Here's a classic that is now legend amongst friends, family, folk I work with and fellow students... my accidental trip to London.
I laugh heartily now folks, but believe me - at the time I was practically climbing the walls!
Happened 1st September 2003
Okay, anyone want a laugh at my expense? Here's an account of what happened to me yesterday.
I catch the 08:04 train to Preston.
Off to the jolly old University for improving myself, y'know.
At dinner, I take me big tupperware tub of cornflakes to the canteen and they have no milk left... instead I opt for the 'Low Flavour Happy Meal' (i.e. a bowl of rice with nothing else - didn't want anything stodgy).
More learning stuff.
At 16:20 I jump on the train.
about 12 mins. after that, I noticed the station I wanted to stop at go zooming past me at about 90 miles an hour!
And then am informed that the train is none stop to London Euston!
So what happened?
I only had £1.05 on me. Hardly any battery power left on the mobile etc.
The train manager obviously recognised me for a fool rather than a con man, and when we got to London, he got me on a train back 3 minutes later.
Time back home? 22:20!
Knackered, feeling like a cretin, starving I came home wanting to make a toast butty - unfortunately, Mrs. B had been out to feed the ducks so there was no bread.
I ate some cold beans, sat and watched telly with me doggies (can't remember what they were watching) then went to bed.
As you know, I fancy meself as a bit of a comedian - and with tricks like this in me repertoire I think I am getting there!
Still - how many people do you know make three trips by rail and go to yer capital for only £4.60 (all right... I never got to see any of it, but at least I went!)
I knew that this would soon spread round like wildfire, so I decided to 'joke it up' a little, and wrote that account which I posted on a few sites.
One thing I find is that it has therapeutic value in sharing the joke... other people get to have a laugh, plus some have had similar experiences - the 'me too' aspect of it just goes to show how anyone can make a mistake, and thus makes me feel less foolish.
It can be great to bring up in conversations when people tell me that they've got lost or something similar...
"You think that's bad... what about this..."
I find it can be an excellent icebreaker and helps develop a rapport.
What do you think?
What are they?
For me, they are films that you can watch when you're not feeling in the best of moods, but afterwards 'feel good' at having seen them.
My particular favourite 'FeelGood Film' is 'Groundhog Day'.
Here's a brief synopsis:
Bill Murray is at his wisecracking best in this riotous romantic comedy about a weatherman caught in a personal time warp on the worst day of his life!
Teamed with a relentlessly cheery producer (Andie MacDowell) and a smart aleck cameraman, TV weatherman Phil Connors (Bill Murray) is sent to Punxsutawney, Pennsylvania to cover the annual Groundhog Day festivities. On his way out of town, Phil is caught in a giant blizzard - which he himself actually failed to predict - and finds himself stuck in a small town hell.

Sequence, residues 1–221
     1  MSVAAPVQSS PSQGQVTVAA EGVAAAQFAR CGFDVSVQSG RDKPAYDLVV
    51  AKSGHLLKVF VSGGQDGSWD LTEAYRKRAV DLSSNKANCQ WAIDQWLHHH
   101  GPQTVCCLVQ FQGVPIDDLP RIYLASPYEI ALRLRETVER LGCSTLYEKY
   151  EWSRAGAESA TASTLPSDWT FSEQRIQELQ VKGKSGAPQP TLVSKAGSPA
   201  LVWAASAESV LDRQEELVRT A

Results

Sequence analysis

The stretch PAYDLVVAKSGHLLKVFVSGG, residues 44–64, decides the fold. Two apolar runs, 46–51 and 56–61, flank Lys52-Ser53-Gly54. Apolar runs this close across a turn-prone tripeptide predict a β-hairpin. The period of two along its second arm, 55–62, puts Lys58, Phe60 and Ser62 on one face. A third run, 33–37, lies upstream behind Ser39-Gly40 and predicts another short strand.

Just when things couldn't get worse, they do! Phil wakes the next morning to find that it's Groundhog Day all over again. And again. And again. During the recurring 24 hour nightmare, Phil starts to realise that he can also use it to his advantage; to re-write the events of his day, and to generally have a whale of a time. But manipulating his day to capture the one woman he really wants is not quite so easy...
This is a brilliant film... the character starts of as scheming and self-centred, and becomes a caring and compassionate human being by the end.
YES it's schmaltzy...
YES Bill Murray looks smug practically 99% of the time... not a favourite actor of mine but he is excellently cast in this role!
A truly great film with some genuine heart-tugging moments (such as the old man who dies, and can't be saved no matter how many times Phil tries).
For me, this is great therapy and available without prescription!
Close the curtains, switch the 'phone off and settle down to a film that you know you're going to enjoy!
Laughter is a tranquilizer with no side effects.
Laughter is part of the human survival kit.
The best blush to use is laughter: It put roses in your cheeks and in your soul.
At the height of laughter, the universe is flung into a kaleidoscope of new possibilities.
Laughter is the most healthful exertion.
Christoph Wilhelm Hufeland
One can never speak enough of the virtues, the dangers, the power of shared laughter.
Seven days without laughter make one weak.
The most wasted of all days is one without laughter.
Laughter is an instant vacation.
Laughter isn't always appropriate... I got sacked from my last job for laughing: mind you, I was driving the hearse at the time!
Neil Baxter (trying to be funny)